The appellant makes two arguments as to why the Institute did not provide proper venue. First, appellant claims that the suspicious timing of the Institute's joinder necessarily dictates a finding of bad faith in the joinder. However, even if providing venue was the plaintiff's primary reason for the joinder, section 2-101 states that joinder is proper unless solely for the purpose of obtaining venue. Because plaintiff also had probable cause that she could obtain a judgment, the joinder was not solely to obtain venue.
Second, appellant contends that the Institute does not provide venue because there were no "independent acts of negligence" alleged against the Institute. Nevertheless, section 2-101 states that "any defendant " may provide venue. (Emphasis added.) (735 ILCS 5/2-101 (West 1992).) The appellant has neither quoted statutory language nor cited any case law to support its arbitrary distinction between principals and agents, nor has appellant presented any public policy reasons to favor such a separation. Therefore, we find no merit to this contention.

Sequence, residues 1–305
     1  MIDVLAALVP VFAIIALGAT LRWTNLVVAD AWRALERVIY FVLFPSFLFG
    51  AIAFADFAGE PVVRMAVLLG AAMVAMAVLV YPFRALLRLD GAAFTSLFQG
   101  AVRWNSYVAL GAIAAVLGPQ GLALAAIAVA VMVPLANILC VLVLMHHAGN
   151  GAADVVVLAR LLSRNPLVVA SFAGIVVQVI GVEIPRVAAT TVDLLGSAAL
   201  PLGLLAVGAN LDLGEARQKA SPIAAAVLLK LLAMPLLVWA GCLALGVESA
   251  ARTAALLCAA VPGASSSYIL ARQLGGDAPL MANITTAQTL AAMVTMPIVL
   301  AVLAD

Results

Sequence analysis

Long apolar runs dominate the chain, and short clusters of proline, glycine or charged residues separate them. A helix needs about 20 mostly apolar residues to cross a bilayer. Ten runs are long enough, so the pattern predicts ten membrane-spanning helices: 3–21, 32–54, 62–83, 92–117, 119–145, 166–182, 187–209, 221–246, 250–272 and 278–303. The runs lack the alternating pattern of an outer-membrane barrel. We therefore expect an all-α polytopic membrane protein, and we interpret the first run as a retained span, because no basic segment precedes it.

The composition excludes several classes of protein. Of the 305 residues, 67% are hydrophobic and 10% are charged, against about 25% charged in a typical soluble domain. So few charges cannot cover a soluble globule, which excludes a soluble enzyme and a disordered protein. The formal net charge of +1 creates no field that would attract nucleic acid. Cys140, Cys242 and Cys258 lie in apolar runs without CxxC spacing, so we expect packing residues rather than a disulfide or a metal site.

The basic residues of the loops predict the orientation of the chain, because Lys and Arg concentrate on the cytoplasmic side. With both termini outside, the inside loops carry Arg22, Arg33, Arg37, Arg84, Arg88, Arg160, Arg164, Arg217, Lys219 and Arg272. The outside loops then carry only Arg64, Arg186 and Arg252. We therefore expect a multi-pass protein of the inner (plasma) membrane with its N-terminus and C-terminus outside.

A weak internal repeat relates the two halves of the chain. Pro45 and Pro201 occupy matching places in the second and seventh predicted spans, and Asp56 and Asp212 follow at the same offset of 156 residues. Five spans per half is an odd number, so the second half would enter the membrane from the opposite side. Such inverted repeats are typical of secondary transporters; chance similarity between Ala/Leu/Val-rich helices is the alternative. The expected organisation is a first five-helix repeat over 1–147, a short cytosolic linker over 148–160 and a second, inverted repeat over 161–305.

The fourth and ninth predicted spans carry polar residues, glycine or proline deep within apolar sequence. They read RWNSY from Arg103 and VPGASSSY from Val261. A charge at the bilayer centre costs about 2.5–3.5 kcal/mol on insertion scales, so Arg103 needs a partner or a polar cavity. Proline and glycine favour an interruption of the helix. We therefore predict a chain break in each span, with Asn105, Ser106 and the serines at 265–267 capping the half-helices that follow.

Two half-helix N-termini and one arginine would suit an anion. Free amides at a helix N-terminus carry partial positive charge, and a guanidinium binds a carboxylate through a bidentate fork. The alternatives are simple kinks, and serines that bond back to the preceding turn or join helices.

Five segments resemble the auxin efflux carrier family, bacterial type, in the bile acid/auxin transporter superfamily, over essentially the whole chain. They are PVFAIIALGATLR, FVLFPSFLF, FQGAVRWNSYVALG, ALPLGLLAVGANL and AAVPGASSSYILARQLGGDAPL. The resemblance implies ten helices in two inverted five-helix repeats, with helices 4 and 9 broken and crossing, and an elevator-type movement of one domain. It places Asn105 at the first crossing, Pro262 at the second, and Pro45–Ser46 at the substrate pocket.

Because of our finding that the Institute made venue proper in Cook County, we need not examine whether defendants Corometrics and Parke-Davis were joined in good faith and provided venue in Cook County.
For the foregoing reasons, the decision of the trial court is affirmed.
GORDON and McNULTY, JJ., concur.